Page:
By Anil Bhoyrul
After shares sank 23% last week, Anil Bhoyrul asks has it peaked
If you are a shareholder in Twitter, last Thursday was a bad, bad day. The company lost a quarter of its value, nearly $8bn, when trading opened, with the shares crashing 23 percent. By the end of the day, they had recovered slightly but still registered a massive 16 percent fall.
The problem Twitter faces is whether it has already peaked. Looking at the number of new users - just 3.8 percent or 241m more in the three months from September last year - the signs are not good. Its full-year losses now stand at $645m. Worse still, there has been a huge drop in timeline views, which measures user engagement.
Put simply, not many new people are joining Twitter, and those on it are not hanging around for very long.
As anyone on Twitter will tell you, the fundamental problem with the platform is that it remains confusing to use, confusing to search, and still relatively limited when it comes to photos and videos.
Personally, I have long felt that Twitter is a fantastic platform for people to spread malicious gossip. Hard news is hard to find, and another structural problem is that unless you are on Twitter at a precise moment, you will probably miss what is being tweeted. I stopped using my own personal Twitter account three months ago and have no desire to return.
Yet when it floated last year, it was valued at $14.2bn – a figure that rocketed to $36.63bn. How can that possibly be justified? I don’t think it can.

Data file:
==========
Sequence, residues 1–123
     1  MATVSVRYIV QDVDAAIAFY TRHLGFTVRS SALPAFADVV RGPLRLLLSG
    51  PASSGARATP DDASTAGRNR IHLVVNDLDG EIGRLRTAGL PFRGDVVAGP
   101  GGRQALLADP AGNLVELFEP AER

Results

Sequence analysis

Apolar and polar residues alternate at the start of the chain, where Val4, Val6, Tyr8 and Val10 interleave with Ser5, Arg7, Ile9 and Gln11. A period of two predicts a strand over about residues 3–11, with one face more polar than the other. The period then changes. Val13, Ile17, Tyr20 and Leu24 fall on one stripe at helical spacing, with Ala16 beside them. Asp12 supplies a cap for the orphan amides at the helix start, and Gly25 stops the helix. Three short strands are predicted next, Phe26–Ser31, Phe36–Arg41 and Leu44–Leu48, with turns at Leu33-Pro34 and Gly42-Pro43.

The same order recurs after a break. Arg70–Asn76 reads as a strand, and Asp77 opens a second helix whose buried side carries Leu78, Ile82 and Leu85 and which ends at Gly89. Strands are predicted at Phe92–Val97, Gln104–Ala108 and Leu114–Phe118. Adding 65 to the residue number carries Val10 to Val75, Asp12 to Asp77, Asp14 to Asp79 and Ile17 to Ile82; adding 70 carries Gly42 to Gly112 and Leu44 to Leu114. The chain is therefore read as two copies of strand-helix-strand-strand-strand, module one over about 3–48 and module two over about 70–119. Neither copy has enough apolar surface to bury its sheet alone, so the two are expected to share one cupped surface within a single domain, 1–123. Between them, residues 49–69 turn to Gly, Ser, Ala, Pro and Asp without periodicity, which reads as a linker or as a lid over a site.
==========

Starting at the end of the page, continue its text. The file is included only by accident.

James Gellert, chief executive of Rapid Ratings, told Bloomberg last week: “It’s at a ridiculous premium. The momentum of the stock isn’t based on the current fundamentals of the company. It’s based on the promise of the future business.”
In other words, it may have all been a case of too much hype too soon. Anyone living in Dubai can tell you how hype can lift the value of a property by nearly 50 percent in a matter of months, for absolutely no reason at all other than everyone thinks the price is going up.
Likewise, I suspect Twitter’s share price crash may in part have been caused by smart share speculators who made a fast fortune and are now getting out quickly.
According to Twitter CEO Dick Costolo, the problem is obvious: “We simply need to make Twitter a better Twitter.”
He’s right about that….
The use of Twitter by journalists to report live events such as court cases, Leveson etc. has given the medium a real purpose but when world leaders stoop to using it to promote their agendas the medium trivialises the message and renders it worthless.
It begs the question, just who has the time to monitor it feverishly and winnow out the chaff, which is 99 per cent of the content.
If we take in consideration that freedom of expression should be supported, respected and encouraged in a world and time where for way to long the lack of openness has brought more distance and oppression, when still some people live by the principle of " ownership rights ", in some relations is just based on that... U were paid or someone got paid to sell what is and should have never been for sale...such as human rights with their dignity attached, anyway of public expression is valid...a different story is when nobody seems to listen or care to the pain and needs of the world and the people in it...if not for the wrong reasons...